Uncovering the truths about groundwater

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Uncovering the truths about groundwater

Estimated reading time: 4 minutes
Darío Guimarães Neto

Below our feet lies a hidden treasure.

It may be hundreds of metres below. Or it may be so close to the ground that it bubbles up to the surface.

This unseen treasure is groundwater: namely, the vast reservoirs of fresh water under the ground. It sustains ecosystems and provides food, drink and livelihoods for billions.

As climate patterns change with global heating, this reliable water source is becoming ever more important for food security and livelihoods.

This World Water Day, let’s talk about making the invisible visible.

What is groundwater and why does it matter for agriculture?

Groundwater exists in aquifers: layers of rock and sand that hold water like sponges and reservoirs. It is the source of many springs, streams, lakes, oases and wetlands.

Often, though not always, it’s freshwater. In fact, about 30 per cent of all the world’s freshwater – including 99 per cent of freshwater in liquid form – is underground.

Groundwater can be very accessible. Anyone living above an aquifer can, in principle, tap into it whenever it’s needed. Though it’s difficult to say exactly how much is used, it’s estimated that about 960 cubic kilometres were drawn worldwide in 2017.

About 70 per cent of this is used for irrigation. Especially in arid and semi-arid areas, many small-scale farmers depend on groundwater to irrigate crops year-round or supplement other water sources. Many use it for livestock, for processing farm products, and for drinking and cooking.

How can groundwater help with climate change adaptation and food security?

Water stress is one of the biggest risks rural communities face. About one-fourth of the global population lives in countries facing “extremely high water stress,” making it harder to grow enough food or earn enough income.

Lately, climate change is making things even worse. In many places, rising temperatures are increasing the need for water, while rainfall is becoming more unpredictable. It’s also making natural disasters more frequent and intense, raising the risk they will damage irrigation infrastructure or contaminate drinking water.

Groundwater can be a critical buffer, helping to secure the water supply when surface water sources fail. It can also serve as a source of clean water that helps to mitigate disasters for rural-dwellers. Even extreme events that feature too much water, such as floods, can be tapped to recharge and replenish groundwater.

But it’s critical that we use this invaluable resource sustainably.

So what’s wrong with using groundwater?

In principle, nothing: people have relied on springs, wells, qanats and oases for millennia. But problems arise when groundwater isn’t used sustainably – when it’s exploited faster than it can be recharged (even with man-made support), or when it’s wasted or contaminated.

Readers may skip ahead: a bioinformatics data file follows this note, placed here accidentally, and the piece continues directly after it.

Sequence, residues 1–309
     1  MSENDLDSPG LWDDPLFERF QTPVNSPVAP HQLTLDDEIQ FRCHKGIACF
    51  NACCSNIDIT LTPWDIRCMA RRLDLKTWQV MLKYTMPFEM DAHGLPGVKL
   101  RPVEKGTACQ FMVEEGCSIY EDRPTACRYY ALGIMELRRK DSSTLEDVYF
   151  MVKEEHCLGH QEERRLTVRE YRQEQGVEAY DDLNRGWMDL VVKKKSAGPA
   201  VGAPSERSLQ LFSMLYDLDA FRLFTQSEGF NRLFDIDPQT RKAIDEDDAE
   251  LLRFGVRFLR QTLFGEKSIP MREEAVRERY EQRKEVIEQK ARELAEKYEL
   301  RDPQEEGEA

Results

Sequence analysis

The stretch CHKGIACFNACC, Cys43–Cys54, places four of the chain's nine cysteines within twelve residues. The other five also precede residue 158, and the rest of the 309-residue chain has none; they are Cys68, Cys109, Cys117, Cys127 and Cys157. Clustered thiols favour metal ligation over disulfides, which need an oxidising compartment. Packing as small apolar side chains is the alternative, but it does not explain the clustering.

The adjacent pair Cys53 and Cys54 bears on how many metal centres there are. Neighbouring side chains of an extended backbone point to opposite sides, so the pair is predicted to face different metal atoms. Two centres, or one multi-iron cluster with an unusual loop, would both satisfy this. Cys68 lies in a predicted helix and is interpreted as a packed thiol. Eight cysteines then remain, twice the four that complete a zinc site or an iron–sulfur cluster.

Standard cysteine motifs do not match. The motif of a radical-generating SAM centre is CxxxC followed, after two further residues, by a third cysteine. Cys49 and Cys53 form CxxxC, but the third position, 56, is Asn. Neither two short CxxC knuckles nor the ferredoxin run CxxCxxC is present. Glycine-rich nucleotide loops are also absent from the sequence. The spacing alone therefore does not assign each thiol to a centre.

These problems affect groundwater use in many aquifers, and agriculture, especially large-scale agriculture, is a major contributor.

Aquifers are recharged when water from the surface seeps into the soil. But poor management practices disrupt this process. When soils get degraded, their capacity to take in water decreases.

In some cases, more water may be pumped out than can be recharged. When it’s easy and inexpensive to extract groundwater, it’s also easy to extract more than needed. The water table sinks and sources of running water dry up, causing everyone to turn to the groundwater itself.

At that point, boreholes have to go deeper and extraction becomes more expensive. Ecosystems suffer, affecting biodiversity and local climates. Land may sink to fill the space of the missing water, causing damage aboveground and making it impossible for aquifers to refill.

All of these effects create urgency amongst users with competing needs, and can be the point at which customary forms of water governance start to fail.

While technologies exist to use and reuse water safely, they’re not always accessible to the world’s poorest rural-dwellers.

How does IFAD help farmers conserve groundwater resources?

As climate change intensifies, many water sources are becoming less reliable. IFAD helps rural-dwellers, including youth and women, access and manage this precious resource, share it equitably and use it sustainably.

In Brazil’s semi-arid north-east, for example, IFAD has introduced domestic wastewater treatment systems. These systems give rural-dwellers the capacity to safely use grey water to irrigate their kitchen gardens year-round.

Other IFAD projects help small-scale farmers build their capacity to use less water, and use it more efficiently. We’ve demonstrated effective ways of introducing micro-irrigation to reduce the amount of water needed and solar pumps that run on clean energy and prevent or limit over-extraction.

Meanwhile, good water governance practices ensure water is used sustainably. In Chad, the PROHYPA project has helped pastoralists and farmers revive customary governance structures and share groundwater without conflict.

And keeping soil healthy is crucial for maintaining the quality and availability of water from aquifers to downstream watersheds. Restoring natural resources upstream reverses the vicious cycle of soil degradation that increases erosion and runoff. Healthy soils, meanwhile, need less water and help recharge aquifers. In Kenya, IFAD initiated and runs the Upper Tana-Nairobi Water Fund, an innovative mechanism financed by the GEF. Through this fund, urban water and electricity users in Nairobi, along with the Coca-Cola company, contribute to help upstream farmers change their agricultural practices, limit water pollution, conserve the watershed and recharge aquifers.